Tips to Help You Eat Healthfully During Cancer Treatments

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When you are undergoing cancer treatment, your diet and nutrition are an important part of keeping you healthy.

Susan Wallace MS, RD, LD, dietitian at St. Elizabeth Cancer Center, says, “Your diet is an important part of your overall health. The problem during cancer treatment is all of the barriers that get in the way of optimal nutrition.”

Common barriers to healthy eating during cancer treatment could include:

  • Changes in taste
  • Constipation
  • Diarrhea
  • Dry mouth
  • Fatigue
  • Loss of appetite
  • Mouth sores
  • Nausea
  • Throat pain (common during head and neck cancer treatment)

The Importance of Diet during Cancer Treatment

“Thinking about eating three big meals a day can be overwhelming when you are struggling with symptoms,” says Susan. “I like to break it down into simple tips to help patients get the nutrients they need.”

Tips for helping you eat well:

  • Combatting nausea— if you are nauseous, try eating toast, crackers, or dry cereals which are generally tolerated well.  You may need to avoid greasy, fried, or overly sweetened items or foods with strong odors.
  • Focus on protein—it is the building block of tissues and the immune system. If you can only tolerate a little food, prioritize protein in your diet.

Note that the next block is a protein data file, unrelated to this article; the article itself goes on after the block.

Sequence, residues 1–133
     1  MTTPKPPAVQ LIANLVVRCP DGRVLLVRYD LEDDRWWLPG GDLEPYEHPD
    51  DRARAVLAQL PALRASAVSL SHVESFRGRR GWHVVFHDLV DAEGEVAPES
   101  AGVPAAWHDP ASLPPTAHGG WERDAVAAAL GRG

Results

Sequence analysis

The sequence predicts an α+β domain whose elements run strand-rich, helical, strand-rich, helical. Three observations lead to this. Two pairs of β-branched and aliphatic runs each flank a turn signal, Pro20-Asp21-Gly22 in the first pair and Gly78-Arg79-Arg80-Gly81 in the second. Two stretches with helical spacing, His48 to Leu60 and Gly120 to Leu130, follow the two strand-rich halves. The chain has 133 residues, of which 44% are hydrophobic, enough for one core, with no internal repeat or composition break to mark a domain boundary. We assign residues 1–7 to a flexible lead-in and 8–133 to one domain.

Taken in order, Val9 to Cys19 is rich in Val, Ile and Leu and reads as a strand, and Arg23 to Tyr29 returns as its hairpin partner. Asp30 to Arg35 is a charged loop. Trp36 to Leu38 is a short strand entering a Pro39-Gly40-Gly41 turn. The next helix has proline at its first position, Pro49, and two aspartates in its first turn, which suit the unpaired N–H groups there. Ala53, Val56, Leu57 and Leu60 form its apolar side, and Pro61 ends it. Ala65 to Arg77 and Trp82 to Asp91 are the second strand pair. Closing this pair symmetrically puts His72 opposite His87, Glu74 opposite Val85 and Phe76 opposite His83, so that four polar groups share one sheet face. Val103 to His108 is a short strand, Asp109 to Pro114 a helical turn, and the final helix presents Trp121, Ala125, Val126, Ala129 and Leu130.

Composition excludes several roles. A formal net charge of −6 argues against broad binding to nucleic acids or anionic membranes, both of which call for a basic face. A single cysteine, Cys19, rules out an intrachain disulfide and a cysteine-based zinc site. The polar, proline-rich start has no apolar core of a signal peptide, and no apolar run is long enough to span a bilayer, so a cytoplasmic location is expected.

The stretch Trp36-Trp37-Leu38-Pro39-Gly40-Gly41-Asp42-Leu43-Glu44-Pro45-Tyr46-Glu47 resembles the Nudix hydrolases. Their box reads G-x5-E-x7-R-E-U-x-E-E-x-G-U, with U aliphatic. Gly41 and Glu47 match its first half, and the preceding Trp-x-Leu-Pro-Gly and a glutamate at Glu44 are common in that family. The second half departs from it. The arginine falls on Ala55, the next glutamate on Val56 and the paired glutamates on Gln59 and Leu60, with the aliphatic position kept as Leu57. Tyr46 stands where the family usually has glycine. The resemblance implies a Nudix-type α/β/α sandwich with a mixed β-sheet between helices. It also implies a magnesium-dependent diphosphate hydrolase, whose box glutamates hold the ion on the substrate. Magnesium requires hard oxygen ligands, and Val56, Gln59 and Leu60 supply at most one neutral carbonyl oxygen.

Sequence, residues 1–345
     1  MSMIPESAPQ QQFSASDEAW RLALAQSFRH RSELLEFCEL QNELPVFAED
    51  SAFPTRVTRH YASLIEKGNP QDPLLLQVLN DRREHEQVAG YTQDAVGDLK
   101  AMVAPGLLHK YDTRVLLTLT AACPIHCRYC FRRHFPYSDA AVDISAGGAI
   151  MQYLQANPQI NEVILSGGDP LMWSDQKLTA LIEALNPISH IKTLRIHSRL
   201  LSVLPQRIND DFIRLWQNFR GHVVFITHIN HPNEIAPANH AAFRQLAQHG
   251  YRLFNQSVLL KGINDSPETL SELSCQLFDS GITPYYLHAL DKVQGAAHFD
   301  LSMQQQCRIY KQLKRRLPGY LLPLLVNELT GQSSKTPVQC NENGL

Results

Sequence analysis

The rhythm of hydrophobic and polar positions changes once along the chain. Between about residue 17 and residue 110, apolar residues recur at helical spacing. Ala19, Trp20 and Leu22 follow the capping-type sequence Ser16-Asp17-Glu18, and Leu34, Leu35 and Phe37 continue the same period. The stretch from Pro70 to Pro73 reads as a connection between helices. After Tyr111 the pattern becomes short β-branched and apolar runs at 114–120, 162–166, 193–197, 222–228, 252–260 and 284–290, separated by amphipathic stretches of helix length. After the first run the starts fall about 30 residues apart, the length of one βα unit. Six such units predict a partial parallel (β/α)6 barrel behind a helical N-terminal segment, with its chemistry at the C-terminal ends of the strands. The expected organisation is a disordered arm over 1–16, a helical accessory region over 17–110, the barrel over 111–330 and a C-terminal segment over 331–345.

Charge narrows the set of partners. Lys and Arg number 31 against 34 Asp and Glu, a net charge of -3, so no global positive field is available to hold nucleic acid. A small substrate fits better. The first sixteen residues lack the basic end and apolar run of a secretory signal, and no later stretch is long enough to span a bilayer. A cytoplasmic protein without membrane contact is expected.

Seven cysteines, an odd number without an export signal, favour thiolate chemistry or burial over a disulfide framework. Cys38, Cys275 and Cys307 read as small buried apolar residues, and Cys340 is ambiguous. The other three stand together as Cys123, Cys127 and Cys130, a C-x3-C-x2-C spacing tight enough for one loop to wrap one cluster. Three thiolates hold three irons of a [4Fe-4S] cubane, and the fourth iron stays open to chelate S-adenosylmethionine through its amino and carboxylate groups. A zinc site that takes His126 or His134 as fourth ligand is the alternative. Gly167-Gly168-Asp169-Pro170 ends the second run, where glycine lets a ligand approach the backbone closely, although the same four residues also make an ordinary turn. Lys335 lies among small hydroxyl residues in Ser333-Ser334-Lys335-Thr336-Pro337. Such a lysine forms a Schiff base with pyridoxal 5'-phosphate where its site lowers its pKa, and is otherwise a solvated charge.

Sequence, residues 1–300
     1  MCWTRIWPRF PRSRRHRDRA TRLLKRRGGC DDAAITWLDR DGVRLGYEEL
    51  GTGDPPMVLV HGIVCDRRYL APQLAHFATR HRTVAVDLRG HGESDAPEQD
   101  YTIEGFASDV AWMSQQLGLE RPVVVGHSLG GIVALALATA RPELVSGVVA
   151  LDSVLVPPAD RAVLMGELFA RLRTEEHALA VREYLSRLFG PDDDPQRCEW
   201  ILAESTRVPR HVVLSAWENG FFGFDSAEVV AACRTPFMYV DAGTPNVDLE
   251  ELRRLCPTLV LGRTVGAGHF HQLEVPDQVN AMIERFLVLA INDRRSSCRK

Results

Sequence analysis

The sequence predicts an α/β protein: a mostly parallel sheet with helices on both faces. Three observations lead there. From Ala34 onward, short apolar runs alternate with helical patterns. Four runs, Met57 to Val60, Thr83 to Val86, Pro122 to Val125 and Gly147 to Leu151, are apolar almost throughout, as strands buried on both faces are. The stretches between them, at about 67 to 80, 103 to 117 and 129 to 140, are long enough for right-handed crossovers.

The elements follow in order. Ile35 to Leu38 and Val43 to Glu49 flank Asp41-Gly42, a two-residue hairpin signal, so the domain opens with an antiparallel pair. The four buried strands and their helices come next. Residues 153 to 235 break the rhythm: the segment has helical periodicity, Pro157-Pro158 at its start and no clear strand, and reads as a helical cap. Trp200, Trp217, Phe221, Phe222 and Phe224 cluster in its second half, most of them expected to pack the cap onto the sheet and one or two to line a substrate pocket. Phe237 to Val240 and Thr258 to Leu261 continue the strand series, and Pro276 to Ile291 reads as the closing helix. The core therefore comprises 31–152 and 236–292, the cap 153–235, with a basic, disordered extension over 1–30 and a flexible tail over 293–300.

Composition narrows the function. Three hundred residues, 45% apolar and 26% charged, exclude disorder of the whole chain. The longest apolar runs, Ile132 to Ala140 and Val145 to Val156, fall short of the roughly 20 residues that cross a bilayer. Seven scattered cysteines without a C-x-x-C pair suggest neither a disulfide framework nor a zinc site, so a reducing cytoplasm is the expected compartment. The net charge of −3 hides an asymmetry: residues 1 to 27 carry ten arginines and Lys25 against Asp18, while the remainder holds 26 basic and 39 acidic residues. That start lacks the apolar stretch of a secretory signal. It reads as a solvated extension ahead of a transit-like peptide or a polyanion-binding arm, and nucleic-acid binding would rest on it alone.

• Eat colorful fruits and vegetables—by adding a variety of colorful fruits and vegetables (including citrus and dark green leafy vegetables) you give your body needed vitamins and antioxidants.
  • Eat five to six small meals or snacks a day—by eating many small meals during the day—you are less overwhelmed by your poor appetite.
  • Take advantage of the days you feel good— there are days you won’t feel well and your diet will be limited.  When you feel good, try to pack in as many proteins, fruits, vegetables, and whole-grain foods as possible.
  • Make food convenient—when you don’t feel like eating, you also don’t want to spend a lot of time in the kitchen preparing meals. Fill your house with yogurt, granola bars, healthy cereals, and things that don’t require cooking.
  • Eat room temperature food—hot food can have a lot of odor and affect your nausea. If the smell of food is difficult, try eating cold or room temperature food.
  • Try protein shakes—it may be easier for you to drink your meals. Create protein shakes with fruits and vegetables or buy over-the-counter drinks such as Carnation Instant Breakfast, Boost, Ensure, or Orgain.

Overall, try to make sure that you get enough calories and you focus on the quality of those calories. You will need your strength and energy as you undergo treatment.

To learn more about cancer care at St. Elizabeth, please visit stelizabeth.com/cancer.